Swift is entering server-side Java’s territory
What the developer wants, the developer gets! A handful of Web Frameworks emerged after Swift became available on Linux, ignited by boosted interest in using Swift on the server. As a consequence, the Server APIs work group was formed with the goal “of making it possible for anyone to build a simple, secure, HTTP server, or to start to build other server frameworks like pub/sub message brokers.”
Chris Bailey, Runtime Development for Java, Node.js and Swift, Senior Technical Staff Member (STSM) at IBM, announced in late October the launch of the Server APIs work group which provides the framework for community members who are interested in building server applications and frameworks to work together on providing new Swift APIs. According to the announcement, “these APIs will provide low level ‘server’ functions as the basic building blocks for developing server-side capabilities, removing the reliance on interfacing with generally platform specific C libraries for these functions.” Developers will now be able to create frameworks and server applications using pure-Swift code (which means they don’t need to have systems programming skills and knowledge of multiple platforms).
What is the Server APIs project all about?
To become a better language for server-side development, this programming language needs great low-level APIs common among server frameworks. This project is meant to offer core capabilities in different areas including security and networking “so Swift programs no longer need to frequently rely on platform-specific C libraries to provide this functionality.”
The Server APIs will offer access to low-level, standards defined capabilities such as sockets, HTTP parsing and security, they will be cross-platform and work on platforms supported by Swift and will serve as a foundation to enable those frameworks to be developed by others.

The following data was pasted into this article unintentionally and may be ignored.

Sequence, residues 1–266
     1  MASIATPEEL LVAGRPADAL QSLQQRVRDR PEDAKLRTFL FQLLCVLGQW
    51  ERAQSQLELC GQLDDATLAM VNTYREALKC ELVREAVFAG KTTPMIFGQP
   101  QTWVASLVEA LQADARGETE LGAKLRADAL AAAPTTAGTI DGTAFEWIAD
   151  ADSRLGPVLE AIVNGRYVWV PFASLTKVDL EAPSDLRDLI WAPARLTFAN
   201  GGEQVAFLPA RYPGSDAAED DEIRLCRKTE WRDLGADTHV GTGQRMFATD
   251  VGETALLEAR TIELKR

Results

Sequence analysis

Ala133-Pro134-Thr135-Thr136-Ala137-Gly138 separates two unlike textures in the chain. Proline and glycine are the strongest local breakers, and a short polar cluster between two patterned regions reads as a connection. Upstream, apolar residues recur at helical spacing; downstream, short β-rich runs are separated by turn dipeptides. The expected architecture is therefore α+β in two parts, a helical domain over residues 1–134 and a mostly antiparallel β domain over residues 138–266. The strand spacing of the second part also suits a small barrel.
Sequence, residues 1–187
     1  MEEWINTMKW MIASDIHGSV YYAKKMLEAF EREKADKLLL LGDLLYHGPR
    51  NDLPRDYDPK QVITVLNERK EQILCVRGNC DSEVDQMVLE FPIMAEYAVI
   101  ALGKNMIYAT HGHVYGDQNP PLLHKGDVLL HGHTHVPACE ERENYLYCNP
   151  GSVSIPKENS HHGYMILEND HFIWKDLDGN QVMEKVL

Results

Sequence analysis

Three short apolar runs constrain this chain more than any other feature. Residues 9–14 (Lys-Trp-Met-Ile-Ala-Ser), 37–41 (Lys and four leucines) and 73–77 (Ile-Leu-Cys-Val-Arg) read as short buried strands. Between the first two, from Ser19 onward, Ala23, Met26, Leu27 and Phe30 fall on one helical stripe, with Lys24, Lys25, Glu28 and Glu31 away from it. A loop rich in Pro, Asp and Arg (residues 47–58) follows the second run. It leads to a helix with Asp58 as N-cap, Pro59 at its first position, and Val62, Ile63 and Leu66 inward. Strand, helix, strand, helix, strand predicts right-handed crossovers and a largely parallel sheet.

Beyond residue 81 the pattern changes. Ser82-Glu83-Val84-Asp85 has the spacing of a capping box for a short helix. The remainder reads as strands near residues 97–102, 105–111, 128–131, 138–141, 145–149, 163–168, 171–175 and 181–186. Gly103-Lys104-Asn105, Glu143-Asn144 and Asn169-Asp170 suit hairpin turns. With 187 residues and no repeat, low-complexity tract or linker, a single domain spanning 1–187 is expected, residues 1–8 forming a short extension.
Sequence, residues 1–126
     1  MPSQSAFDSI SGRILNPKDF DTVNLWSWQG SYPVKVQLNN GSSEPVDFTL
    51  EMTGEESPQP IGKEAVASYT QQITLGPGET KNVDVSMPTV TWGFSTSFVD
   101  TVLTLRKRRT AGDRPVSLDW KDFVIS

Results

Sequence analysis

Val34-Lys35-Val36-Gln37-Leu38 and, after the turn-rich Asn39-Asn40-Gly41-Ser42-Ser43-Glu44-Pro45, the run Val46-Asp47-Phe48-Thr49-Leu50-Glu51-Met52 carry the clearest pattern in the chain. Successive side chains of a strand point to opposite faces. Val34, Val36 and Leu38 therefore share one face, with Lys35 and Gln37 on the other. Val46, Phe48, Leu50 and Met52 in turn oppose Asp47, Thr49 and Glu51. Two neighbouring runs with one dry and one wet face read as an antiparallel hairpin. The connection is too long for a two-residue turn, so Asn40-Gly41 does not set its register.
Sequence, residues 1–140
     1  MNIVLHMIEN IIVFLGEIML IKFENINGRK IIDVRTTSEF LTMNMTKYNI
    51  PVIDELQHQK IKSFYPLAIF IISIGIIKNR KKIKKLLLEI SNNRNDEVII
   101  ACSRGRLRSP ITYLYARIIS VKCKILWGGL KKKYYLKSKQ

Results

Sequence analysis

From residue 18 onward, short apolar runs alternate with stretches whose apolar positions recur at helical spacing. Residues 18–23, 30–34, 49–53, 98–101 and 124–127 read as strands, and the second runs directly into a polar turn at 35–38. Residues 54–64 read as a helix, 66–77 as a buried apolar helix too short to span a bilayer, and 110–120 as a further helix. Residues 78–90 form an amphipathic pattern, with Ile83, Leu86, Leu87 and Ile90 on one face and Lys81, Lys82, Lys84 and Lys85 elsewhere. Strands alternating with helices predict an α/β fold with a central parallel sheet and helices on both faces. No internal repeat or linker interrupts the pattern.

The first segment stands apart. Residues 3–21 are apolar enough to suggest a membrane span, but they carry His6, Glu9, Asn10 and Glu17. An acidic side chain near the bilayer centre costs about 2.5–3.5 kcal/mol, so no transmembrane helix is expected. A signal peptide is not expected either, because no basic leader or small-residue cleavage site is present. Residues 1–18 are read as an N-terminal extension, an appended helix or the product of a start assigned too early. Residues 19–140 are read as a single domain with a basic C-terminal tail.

The Server APIs project will initially focus on creating API proposals for HTTP parsing, security, base networking and encryption. One of the most important goals of Server APIs is to support the platforms that Swift is currently available on and be in a position to adopt new platforms as and when Swift support is added.
The Server APIs project is being managed as part of the Swift.org open source community. It is not yet tied to release along with any specific version of the Swift language, therefore the project can mature at its own pace as this programming language marches on toward version 4.
Swift 4: What to expect
Chris Lattner, a senior director of the Developer Tools Department at Apple, posted a note to the Swift mailing list four months ago in which he offered a sneak peek into what’s going to happen in Swift 4. According to the note, the main goals for Swift 4 are “to deliver on the promise of source stability from 3.0 on, and to provide ABI stability for the standard library.” Therefore, the team will be taking a two-stage approach the next year.
In stage 1, the development team will “focus on the essentials required for Source and ABI stability, and keep reasonably strict focus on only that work” —this means that features which do not radically “change the ABI of existing language features or imply an ABI-breaking change to the standard library will not be considered in this stage.” ABI details, resilience, and source stability features are among the goals for stage 1.
In stage 2, the team will scope and plan other large features depending on how much time they have left. Because it is virtually impossible to know now how the stage 2 timeframe will look like, Lattner revealed that the “laundry list of commonly requested features” includes generics improvements, .swiftmodule stability, property behaviors, new scripting features and more. “One specific thing to keep in mind is that Swift 3 isn’t done yet,” Lattner concluded.
The Swift team plans to ship Swift 3.x in Spring 2017 and Swift 4 in Fall 2017. There will also be some minor releases.